Read NARUTO - - 暁秘伝 咲乱悪華 [Naruto: Akatsuki Hiden — Sakimidareru Aku no Hana] by Masashi Kishimoto Free Online
Book Title: NARUTO - - 暁秘伝 咲乱悪華 [Naruto: Akatsuki Hiden — Sakimidareru Aku no Hana]|
The author of the book: Masashi Kishimoto
Format files: PDF
The size of the: 2.69 MB
Date of issue: July 3rd 2015
ISBN 13: 9784087033670
Read full description of the books:Minor spoilers
Personally, I feel that Akatsuki is one of the best villain organisations in aniverse, boasting members with memorable personalities and unthinkable techniques.
When I read the first page, I sincerely thought I was given a misprinted cover book of Sasuke's Hiden, and the back of my mind was nagging, "Umm, isn't this Akatsuki Hiden...? I get that Sasuke was briefly part of them (p.s.: I never acknowledged that, it felt too unofficial) but we're talking about those who wear the rings on the cover page, ya get what I'm saying? It was after I read Chapter One that I see what the author is trying to do - parallel world experience. While there is nothing similar between what Sasuke and Itachi experienced with the minor characters in their respective chapters, I argue that they merely served as mirrors for the Uchiha brothers to reflect on their relationship, and sentiments towards their one another. They were meant to see themselves in the bee siblings and that memory trigger would in turn affect and justify their actions.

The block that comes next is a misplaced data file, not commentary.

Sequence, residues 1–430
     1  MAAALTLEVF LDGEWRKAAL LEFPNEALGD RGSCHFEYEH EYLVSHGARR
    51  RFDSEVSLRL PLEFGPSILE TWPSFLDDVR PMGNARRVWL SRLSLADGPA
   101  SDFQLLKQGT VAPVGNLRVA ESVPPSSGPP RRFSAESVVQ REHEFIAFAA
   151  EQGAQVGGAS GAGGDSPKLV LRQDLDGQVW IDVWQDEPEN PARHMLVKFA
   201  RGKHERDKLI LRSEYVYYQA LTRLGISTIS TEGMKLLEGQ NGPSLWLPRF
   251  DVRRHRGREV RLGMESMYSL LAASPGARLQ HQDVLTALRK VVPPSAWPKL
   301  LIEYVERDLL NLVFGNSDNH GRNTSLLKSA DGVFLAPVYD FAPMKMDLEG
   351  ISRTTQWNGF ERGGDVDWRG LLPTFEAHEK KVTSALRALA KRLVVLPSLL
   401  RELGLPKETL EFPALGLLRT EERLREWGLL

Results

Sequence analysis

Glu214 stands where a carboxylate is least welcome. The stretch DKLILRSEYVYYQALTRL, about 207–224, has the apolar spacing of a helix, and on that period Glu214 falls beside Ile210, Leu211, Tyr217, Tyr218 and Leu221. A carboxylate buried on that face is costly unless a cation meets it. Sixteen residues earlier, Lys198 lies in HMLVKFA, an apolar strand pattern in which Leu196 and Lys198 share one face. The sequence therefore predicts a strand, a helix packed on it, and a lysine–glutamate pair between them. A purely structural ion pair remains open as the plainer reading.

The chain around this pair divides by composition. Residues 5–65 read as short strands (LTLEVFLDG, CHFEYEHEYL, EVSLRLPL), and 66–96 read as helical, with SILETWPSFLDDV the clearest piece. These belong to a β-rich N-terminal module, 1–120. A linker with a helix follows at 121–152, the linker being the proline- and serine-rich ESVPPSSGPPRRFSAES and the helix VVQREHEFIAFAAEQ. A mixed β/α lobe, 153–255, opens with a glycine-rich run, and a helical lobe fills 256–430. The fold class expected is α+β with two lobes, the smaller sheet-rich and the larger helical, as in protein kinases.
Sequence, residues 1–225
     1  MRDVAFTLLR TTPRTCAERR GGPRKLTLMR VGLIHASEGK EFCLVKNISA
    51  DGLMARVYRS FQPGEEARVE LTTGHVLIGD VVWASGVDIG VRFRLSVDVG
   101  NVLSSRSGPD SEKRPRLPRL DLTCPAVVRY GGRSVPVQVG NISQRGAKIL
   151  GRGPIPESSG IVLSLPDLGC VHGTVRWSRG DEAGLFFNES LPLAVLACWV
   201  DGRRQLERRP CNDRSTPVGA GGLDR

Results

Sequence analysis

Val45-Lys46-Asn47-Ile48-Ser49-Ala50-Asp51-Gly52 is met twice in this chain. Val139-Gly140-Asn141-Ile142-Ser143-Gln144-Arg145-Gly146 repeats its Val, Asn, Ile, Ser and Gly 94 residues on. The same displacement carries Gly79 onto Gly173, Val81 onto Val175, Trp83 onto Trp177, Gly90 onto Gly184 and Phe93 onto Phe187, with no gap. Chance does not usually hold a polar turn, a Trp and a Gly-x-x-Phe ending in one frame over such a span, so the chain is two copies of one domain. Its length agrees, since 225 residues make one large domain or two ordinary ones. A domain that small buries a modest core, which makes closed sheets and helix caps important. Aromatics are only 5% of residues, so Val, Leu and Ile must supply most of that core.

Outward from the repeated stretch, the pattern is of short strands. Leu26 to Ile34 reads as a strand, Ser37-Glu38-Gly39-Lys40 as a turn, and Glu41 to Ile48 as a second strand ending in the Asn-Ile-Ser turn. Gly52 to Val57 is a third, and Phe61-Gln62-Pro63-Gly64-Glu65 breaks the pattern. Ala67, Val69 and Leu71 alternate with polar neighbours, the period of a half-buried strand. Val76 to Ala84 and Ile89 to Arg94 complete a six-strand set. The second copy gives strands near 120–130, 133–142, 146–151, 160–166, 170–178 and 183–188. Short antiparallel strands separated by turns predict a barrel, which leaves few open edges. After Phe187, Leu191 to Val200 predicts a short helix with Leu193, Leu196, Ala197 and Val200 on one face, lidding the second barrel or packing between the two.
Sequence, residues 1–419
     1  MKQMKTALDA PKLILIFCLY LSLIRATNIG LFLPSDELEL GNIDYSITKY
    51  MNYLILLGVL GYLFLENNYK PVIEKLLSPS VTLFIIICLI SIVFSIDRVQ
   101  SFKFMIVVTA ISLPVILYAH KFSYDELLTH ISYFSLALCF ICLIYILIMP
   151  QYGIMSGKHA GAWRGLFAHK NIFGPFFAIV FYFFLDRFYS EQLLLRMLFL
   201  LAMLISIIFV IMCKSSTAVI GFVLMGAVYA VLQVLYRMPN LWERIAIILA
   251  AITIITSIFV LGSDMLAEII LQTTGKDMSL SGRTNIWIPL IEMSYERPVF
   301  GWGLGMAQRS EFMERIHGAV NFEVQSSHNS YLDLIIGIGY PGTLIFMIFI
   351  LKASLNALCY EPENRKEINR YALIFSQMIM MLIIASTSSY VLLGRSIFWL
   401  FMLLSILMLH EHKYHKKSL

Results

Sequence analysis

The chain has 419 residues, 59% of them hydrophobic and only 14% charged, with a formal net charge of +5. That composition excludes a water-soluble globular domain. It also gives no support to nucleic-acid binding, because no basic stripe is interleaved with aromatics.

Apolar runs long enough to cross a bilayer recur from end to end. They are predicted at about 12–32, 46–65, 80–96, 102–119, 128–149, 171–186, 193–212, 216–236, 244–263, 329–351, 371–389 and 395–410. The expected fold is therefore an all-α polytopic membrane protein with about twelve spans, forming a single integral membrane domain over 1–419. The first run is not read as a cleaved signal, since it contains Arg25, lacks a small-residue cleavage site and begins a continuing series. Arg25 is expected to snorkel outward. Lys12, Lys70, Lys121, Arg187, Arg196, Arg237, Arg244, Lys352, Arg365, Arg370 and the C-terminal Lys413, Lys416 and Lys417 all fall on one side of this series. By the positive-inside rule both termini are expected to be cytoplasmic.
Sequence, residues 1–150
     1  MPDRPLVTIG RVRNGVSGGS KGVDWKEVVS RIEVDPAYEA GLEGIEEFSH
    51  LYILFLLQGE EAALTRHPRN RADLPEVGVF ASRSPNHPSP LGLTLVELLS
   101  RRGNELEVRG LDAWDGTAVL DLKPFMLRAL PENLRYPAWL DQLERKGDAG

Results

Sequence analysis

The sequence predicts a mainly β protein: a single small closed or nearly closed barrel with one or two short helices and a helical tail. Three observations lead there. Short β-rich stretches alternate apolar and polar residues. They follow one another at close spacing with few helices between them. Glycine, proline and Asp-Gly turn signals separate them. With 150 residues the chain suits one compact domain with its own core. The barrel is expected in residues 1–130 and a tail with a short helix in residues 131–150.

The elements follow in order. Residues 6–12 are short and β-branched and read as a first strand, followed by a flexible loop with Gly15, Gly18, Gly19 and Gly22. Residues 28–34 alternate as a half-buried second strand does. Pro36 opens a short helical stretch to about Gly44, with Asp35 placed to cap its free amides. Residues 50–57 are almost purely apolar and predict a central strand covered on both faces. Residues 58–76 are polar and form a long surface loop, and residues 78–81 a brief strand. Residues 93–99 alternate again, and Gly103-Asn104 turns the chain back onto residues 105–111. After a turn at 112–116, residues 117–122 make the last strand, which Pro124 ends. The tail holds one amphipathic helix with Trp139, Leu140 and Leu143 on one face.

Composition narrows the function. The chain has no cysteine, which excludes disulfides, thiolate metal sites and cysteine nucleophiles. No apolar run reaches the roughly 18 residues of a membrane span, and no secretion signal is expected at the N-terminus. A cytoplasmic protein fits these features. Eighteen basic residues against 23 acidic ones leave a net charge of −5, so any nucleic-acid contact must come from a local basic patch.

Each chapters are segmented by the partner system, so even though I wanted to save Itachi (the best) for the last, it would make sense to dive into his and Kisame's story after Sasuke's appearance in the Prologue. Initially, I was expecting one chapter for each members and their stories before joining Akatsuki, instead I got neither - turns out the "untold" side of their stories is really their adventures in Akatsuki with their partners. One of the problems with this is, as in Itachi and Kisame's chapter: Kisame's inner thoughts are compromised and unsatisfyingly compensated with more action. Honestly, after reading Itachi Shinden, I'm convinced it takes an entire novel's length to really understand any of these people. Even after two novels, I continue to learn more about Itachi in this novel. As expected of this mature duo, I had a high time reading their dialogues.